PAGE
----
On 3 September 2019, the Insurance Authority (the “IA”) released conclusions on its consultations on the draft Code of Conduct for Licensed Insurance Agents (the “Agents’ Code”) and the draft Code of Conduct for Licensed Insurance Brokers (the “Brokers’ Code” and together with the Agents’ Code, the “Codes”).
On 3 September 2019, the Insurance Authority (the â€œIAâ€) released conclusions
on its consultations on the draft Code of Conduct for Licensed Insurance
Agents (the â€œAgentsâ€™ Codeâ€) and the draft Code of Conduct for Licensed
Insurance Brokers (the â€œBrokersâ€™ Codeâ€ and together with the Agentsâ€™ Code,
Our client alert on the April 2019 consultations is included in the Annex below.
The final Codes do not depart materially from the drafts, however the IA has
made some amendments to the Codes and provided further clarity on several
The key amendments and IA comments to take note of are:
GP 1 Honesty and Integrity
â€¢ The duty of utmost good faith has been removed from the Brokersâ€™ Code,
which now states that a Licensed Insurance Broker when carrying on
regulated activities should always act with good faith towards its client.
(The Brokersâ€™ Code only)
â€¢ The provisions on the offering of an advantage have been aligned with the
Prevention of Bribery Ordinance (the â€œPBOâ€) and clarify that, in carrying
out regulated activities, insurance intermediaries are expected to give
particular consideration to the PBO in certain situations.
GP 4 Competence to Advise
The Codes now include an explanation that the requisite skills or knowledge
that licensed technical representatives are expected to have will depend on the
particular situation and factors to be considered include the complexity of the
insurance product or transaction, whether the insurance product is of a
specialist nature, the level of the personâ€™s experience and the relevance of the
GP 5 Disclosure of Information
â€¢ Premium rebates â€“ The IA has clarified that, although it is not stated in
the Codes, restrictions on premium rebates continue to apply in relation to
long-term products and medical insurance products.
â€¢ Breach of duty of utmost good faith â€“ The IA has revised the Agentsâ€™
Code so that Licensed Insurance Agents will be required to explain the
consequences of a breach of the duty of â€œutmost good faithâ€ (rather than
ensure the clientâ€™s understanding). Guidance on how such explanation
should be given has also been included. (The Agentsâ€™ Code only)
â€¢ Client agreements â€“ The Brokersâ€™ Code has been amended to clarify that
a client agreement must be in writing, but the form of agreement is flexible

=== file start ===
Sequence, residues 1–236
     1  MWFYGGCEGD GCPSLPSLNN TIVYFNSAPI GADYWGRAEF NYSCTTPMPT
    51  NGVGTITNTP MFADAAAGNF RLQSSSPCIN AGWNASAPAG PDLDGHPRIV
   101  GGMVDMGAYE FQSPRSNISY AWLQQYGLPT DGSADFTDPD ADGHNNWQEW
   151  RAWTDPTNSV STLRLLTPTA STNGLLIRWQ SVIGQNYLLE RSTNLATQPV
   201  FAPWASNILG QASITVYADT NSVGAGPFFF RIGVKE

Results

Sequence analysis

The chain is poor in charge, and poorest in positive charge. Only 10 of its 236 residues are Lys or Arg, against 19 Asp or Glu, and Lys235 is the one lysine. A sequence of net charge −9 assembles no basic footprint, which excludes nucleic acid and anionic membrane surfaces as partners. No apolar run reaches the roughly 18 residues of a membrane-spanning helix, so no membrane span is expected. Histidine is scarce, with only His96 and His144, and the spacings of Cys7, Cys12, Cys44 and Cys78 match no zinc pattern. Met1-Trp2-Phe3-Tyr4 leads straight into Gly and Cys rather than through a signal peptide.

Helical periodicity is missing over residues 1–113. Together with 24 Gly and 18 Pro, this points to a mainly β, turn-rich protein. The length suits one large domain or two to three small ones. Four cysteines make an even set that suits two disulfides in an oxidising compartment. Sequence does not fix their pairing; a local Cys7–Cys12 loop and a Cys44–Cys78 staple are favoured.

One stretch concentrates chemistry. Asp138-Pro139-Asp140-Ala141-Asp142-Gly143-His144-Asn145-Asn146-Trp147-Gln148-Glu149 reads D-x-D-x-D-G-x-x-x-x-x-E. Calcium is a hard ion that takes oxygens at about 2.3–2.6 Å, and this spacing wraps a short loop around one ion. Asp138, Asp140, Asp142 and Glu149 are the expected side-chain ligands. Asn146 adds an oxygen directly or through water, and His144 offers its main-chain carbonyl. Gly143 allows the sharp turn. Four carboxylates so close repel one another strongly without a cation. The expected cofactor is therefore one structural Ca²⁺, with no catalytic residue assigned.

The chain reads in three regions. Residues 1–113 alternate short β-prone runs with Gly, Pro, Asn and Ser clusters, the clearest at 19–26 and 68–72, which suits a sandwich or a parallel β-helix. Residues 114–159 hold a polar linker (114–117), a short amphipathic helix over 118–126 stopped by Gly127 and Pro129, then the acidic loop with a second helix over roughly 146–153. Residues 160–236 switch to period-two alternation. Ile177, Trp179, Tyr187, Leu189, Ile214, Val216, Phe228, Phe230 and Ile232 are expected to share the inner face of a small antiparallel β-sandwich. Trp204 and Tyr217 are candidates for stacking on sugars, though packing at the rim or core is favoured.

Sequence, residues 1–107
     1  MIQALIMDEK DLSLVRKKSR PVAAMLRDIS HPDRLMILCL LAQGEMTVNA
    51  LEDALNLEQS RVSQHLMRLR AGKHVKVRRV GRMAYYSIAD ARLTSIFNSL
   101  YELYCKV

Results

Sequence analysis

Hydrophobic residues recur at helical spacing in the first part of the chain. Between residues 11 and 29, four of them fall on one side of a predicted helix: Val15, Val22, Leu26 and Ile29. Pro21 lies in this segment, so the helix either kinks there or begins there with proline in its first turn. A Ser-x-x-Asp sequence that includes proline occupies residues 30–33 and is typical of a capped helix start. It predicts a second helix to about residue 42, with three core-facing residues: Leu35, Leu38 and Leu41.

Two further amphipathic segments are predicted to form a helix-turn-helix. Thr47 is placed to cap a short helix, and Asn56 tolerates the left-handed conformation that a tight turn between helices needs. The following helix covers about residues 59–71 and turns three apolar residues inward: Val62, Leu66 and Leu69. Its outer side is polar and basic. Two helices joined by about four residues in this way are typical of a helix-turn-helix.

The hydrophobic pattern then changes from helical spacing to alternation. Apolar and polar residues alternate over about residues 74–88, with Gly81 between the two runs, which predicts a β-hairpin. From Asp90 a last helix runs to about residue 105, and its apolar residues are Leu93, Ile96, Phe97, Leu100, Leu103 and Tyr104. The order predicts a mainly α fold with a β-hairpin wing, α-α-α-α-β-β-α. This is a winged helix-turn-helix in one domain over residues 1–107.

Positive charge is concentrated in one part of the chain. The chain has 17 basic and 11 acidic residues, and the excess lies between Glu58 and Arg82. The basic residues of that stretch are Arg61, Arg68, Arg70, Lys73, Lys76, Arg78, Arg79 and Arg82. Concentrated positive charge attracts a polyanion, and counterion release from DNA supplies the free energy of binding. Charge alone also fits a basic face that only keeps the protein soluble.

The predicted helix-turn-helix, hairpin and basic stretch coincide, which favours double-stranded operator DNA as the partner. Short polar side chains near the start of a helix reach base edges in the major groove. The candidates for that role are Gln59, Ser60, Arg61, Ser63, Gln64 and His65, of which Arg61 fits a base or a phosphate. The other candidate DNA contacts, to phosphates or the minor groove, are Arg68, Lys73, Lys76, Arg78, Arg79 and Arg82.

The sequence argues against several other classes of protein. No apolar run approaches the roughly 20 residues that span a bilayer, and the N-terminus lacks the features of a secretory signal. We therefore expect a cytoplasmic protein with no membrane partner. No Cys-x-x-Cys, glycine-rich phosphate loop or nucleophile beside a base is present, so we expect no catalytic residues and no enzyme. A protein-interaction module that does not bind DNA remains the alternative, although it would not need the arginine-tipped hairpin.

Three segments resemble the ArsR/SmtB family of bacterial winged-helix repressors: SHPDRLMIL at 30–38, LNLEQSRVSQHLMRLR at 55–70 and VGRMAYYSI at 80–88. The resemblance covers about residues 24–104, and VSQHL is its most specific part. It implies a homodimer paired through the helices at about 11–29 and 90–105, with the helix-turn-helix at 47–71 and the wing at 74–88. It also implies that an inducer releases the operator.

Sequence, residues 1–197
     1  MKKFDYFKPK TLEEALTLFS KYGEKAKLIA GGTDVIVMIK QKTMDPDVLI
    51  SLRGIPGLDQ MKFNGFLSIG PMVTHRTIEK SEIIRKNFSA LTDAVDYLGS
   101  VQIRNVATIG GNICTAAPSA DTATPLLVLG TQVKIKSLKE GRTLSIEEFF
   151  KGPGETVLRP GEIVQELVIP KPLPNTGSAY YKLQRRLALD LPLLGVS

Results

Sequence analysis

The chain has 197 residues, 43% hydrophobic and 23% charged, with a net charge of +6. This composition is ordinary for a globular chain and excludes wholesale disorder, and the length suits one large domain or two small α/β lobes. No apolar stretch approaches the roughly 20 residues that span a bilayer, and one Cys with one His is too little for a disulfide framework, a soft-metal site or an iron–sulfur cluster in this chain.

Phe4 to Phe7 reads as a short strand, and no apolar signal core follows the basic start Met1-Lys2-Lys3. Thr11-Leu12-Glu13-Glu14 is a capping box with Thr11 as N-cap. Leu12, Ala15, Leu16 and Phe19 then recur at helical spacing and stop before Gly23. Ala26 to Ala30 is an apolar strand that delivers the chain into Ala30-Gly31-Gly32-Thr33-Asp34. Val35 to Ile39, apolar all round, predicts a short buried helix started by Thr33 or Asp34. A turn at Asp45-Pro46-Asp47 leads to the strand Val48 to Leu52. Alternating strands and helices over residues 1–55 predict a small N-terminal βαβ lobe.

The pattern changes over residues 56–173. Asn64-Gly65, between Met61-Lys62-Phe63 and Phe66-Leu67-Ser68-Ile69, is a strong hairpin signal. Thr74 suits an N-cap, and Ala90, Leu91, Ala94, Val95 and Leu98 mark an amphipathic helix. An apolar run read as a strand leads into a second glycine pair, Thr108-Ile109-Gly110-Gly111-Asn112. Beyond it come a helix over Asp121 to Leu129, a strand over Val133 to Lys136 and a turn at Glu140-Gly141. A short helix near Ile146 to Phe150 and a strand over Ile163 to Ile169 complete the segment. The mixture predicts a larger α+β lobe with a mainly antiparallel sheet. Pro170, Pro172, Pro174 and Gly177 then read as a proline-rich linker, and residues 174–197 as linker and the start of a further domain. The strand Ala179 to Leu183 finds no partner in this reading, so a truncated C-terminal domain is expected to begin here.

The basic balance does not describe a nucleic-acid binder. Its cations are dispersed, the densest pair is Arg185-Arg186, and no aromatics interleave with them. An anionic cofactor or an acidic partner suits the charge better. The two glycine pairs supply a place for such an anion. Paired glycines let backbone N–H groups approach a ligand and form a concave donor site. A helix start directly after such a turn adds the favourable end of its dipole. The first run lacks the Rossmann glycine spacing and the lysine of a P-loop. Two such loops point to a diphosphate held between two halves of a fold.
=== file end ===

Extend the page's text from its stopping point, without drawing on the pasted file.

and client agreements do not have to be signed (e.g. brokersâ€™ terms of
business can be e-mailed to a client, with the client confirming his
agreement by e-mail or by conduct). (The Brokersâ€™ Code only)
GP6 Suitability of Advice
The suitability assessment must be carried out where regulated advice is given
and the relevant requirement has been amended to be â€œoutcome-focusedâ€, i.e.
insurance intermediaries are required to take into account the clientâ€™s
â€œcircumstancesâ€ (which is now a defined term in the Codes) and the relevant
Standard and Practice is applicable to every situation in which regulated advice
GP7 Conflicts of Interest
The Codes have been supplemented to require that licensed insurance
intermediaries must disclose any conflicts of interest (where such conflict
cannot be avoided) and at all times act fairly in relation to the client. These
provisions are similar to requirements contained in the Code of Conduct for
Persons Licensed by or Registered with the Securities and Futures
GP8 Client Assets
The IA has introduced a new requirement in the Agentsâ€™ Code which will require
licensed insurance agents to maintain proper records of premium received
when authorised to receive premium payments by an appointing insurer or
appointing agency. (The Agentsâ€™ Code only)
Corporate Governance and Controls and Procedures
The sections on corporate governance and controls and procedures, which
were in Parts D of the draft Codes, are now in Parts C of the final Codes.
â€¢ Baseline standards and practices â€“ The IA has clarified that the relevant
sections of the Codes set the baseline standards and practices for
corporate governance which all licensed insurance agencies/broker
companies should meet and that such requirements in the Agentsâ€™ Code
and the Brokersâ€™ Code are different because of the different roles which
licensed insurance agencies and licensed insurance broker companies
â€¢ Incident reporting â€“ The IA has amended the reporting incidents
requirement to specify types of incidents which must be reported and set
out the considerations of what constitutes a â€œmaterialâ€ incident (e.g. if the
incident adversely impacts or is likely to adversely impact the
agencyâ€™s/brokerâ€™s ability to carry on regulated activities).
â€¢ Removal of â€œfit and properâ€ requirement for certain broker company
employees â€“ The IA has removed the requirement in the Brokersâ€™ Code
that persons who are recruited, employed by or associated with or act for
the broker company must be â€œfit and properâ€. The IA has amended the
relevant provision to require a licensed broker company to ensure such
persons have â€œthe integrity and competence to discharge their duties and
responsibilitiesâ€. (The Brokersâ€™ Code only)
â€¢ Definition of â€œsenior managementâ€ â€“ The Codes now include a definition
of â€œsenior managementâ€ and note that (i) the exact composition of senior
management will depend on the size of the agency/broker company; (ii)
whether a person is part of senior management depends on that personâ€™s
actual functions and duties (as opposed to position and title); and (iii)
certain persons are likely to be considered part of the senior management